A new exhibition inspired by the High Peak’s role in the BBC drama series The Village will open at Lyme Park this weekend.
This year’s winter exhibition at the stately home has a 1920s theme, and follows on from Lyme’s starring role as ‘The Big House’ in the second series of the BAFTA-nominated show.
Private cine films, taken in the 1920s and early 1930s, belonging to the Legh family of Lyme Park, will be shown in public for the first time as part of the exhibition, which will be opened by the Honourable David Legh, younger brother of the present Lord Newton of Lyme.
Caroline Heap, Lyme’s Visitor Experience Manager, said: “The Village captured some of the huge change and upheaval in society during the 1920s following the Great War. It’s the story of a small rural village and it’s Big House grappling with political changes, such as the establishment of the right to vote for women and the rise of the Labour Party.
“It’s a time of great technological advances: radio becomes the first mass broadcasting medium and Baird is bringing television to life; the rapid rise in industrial growth sees the creation of hundreds of new factories, whilst new entertainment in the form of blues and jazz sweeps in from America and silent movies give way to talkies.
“Our winter exhibition ‘Take a trip to the Roaring Twenties’ captures some of the flavour of this turbulent but exciting era. The Legh family’s cine films were taken when Lyme Park was still a family home - as had been the case for over 500 years.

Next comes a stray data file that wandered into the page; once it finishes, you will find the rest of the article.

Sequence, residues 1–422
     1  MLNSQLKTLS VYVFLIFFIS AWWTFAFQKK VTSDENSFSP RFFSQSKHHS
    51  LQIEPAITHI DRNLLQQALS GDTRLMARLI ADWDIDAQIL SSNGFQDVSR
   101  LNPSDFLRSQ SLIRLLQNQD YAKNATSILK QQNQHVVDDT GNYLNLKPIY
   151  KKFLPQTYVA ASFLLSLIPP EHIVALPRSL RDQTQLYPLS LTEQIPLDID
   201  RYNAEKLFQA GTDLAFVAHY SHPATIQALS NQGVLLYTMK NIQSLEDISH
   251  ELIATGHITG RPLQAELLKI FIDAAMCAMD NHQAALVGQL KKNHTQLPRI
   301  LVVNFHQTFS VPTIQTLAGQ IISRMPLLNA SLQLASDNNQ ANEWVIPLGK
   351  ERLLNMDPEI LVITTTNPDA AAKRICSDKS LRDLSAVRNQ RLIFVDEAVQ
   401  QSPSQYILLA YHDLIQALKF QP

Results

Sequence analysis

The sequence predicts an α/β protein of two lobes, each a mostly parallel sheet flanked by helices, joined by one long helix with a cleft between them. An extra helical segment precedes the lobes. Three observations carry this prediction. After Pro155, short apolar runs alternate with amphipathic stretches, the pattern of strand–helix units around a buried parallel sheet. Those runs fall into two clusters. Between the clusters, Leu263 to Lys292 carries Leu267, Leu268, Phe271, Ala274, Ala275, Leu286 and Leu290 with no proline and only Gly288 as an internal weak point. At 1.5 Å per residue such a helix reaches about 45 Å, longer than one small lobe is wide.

“This stability and continuity defies the swirling changes that were taking place in British society in the 20s and which were captured by the 2nd Lord Newton in his albums of press clippings, three of which will also be on display for the first time in the exhibition.”
Take a Trip to the Roaring Twenties showcases costumes from The Village and behind the scenes footage of filming together with vintage cars, a crystal set radio and gramophone, 1920s sports equipment, cameras, jewellery and fashion accessories.
A special 1920s event, such as learning to dance the Charleston or tips on throwing a 1920s party, will also take place during each weekend of the exhibition, which opens on November 1 and is then open weekends, 11am to 3pm until February 15, 2015. It is also open on December 26 and January 1 and 2. For more information, see www.nationaltrust.org.uk/lymepark.